Using a variety of techniques such as theoretical analyses, acoustic research, comparative studies of nonhuman animals and neuroimaging, Patel began to prove his theory that music is what he calls “transformative technology.” This term refers to the idea that our capacity to love music was nurtured, not selected for by evolution, and it is biologically fundamental, with lasting effects on nonmusical brain systems.

According to Patel, while there is music-specific knowledge, growing evidence suggests that music processing is built from nonmusical brain functions. So then why is music ancient and universal, so pervasive in human life? The answer to this lies in the fact that music is an emotional power.

“Music is like the controlling of fire. Humans invented it way back when, but it is a thing that has become so wildly popular that it seems innate,” Patel said.

Listening to music gives rise to emotion in multiple ways, including episodic memory, visual imagery, emotional contagion, expectancy, evaluative conditions and brainstem reflexes. It is unique in the way it mixes all of these together in a way that no other aspect of life can.

Patel then provided an in-depth look into the two factors he feels are the most important in studying the reactions between the brain and music – tonality and synchronization.

Tonality is a uniquely musical system for organizing pitches that has scales and intervals, puts a differential emphasis on certain pitches and gives various pitches unique perceptual qualities. For example, the last note may be exactly the same in two different cases, but depending on the context of the entire series, one will be a resolve pitch and the other is a leading pitch. A resolve pitch indicates that the audience feels as if the music has a sense of finality, while a leading pitch leaves one to anticipate a further note later to complete the sound.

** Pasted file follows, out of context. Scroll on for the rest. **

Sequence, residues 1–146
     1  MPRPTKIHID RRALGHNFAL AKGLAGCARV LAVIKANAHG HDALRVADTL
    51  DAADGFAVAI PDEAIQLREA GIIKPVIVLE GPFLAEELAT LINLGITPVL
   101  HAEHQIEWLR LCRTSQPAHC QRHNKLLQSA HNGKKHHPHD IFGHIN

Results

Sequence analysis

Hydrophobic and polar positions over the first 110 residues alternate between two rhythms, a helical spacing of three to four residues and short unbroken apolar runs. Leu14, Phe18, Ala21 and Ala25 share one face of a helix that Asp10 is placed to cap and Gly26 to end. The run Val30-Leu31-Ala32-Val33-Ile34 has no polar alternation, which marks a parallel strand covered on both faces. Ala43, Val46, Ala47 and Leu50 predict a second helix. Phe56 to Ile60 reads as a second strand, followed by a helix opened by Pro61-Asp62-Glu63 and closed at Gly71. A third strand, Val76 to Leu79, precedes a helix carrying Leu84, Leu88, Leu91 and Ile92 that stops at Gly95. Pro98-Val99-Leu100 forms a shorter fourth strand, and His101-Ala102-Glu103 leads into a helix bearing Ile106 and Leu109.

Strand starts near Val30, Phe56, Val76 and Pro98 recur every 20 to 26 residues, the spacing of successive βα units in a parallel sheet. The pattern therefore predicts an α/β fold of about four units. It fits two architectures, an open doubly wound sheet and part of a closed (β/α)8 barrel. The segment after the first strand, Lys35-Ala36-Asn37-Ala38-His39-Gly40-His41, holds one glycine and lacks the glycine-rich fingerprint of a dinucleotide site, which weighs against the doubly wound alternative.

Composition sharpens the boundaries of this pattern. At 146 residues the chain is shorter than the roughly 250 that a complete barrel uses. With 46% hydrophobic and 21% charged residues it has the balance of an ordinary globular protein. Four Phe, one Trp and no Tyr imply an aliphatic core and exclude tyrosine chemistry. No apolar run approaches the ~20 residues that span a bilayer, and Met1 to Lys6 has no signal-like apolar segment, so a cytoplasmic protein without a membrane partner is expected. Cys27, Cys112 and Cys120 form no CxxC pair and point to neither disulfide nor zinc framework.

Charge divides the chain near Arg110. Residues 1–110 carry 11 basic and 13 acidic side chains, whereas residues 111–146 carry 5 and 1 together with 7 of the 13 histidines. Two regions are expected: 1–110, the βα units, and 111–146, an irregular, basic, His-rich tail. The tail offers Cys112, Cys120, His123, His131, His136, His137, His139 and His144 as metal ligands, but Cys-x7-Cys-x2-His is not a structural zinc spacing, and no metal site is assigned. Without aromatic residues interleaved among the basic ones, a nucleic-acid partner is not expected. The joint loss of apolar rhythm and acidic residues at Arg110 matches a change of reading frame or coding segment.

In healthy brains, it is found through neuroimaging that tonal or harmonic processing overlaps with linguistic grammatical processing. This is because tonality involves discrete elements, principles of combination, hierarchically organized sequences and abstract structural categories of sounds, all of which are the same features of language syntax.

“Tonality does involve domain-specific representations, but it shares processing resources with language,” Patel said. “Tonality processing also shares some of the same mechanisms with language, which may explain why tonal music is so ‘sticky’.”

Synchronization to a musical beat emerges spontaneously and is a special rhythmic entrainment. It is involves stimulus complexity, tempo flexibility and cross-modality, which, means that we move as a response to a beat, rather than uttering another random sound.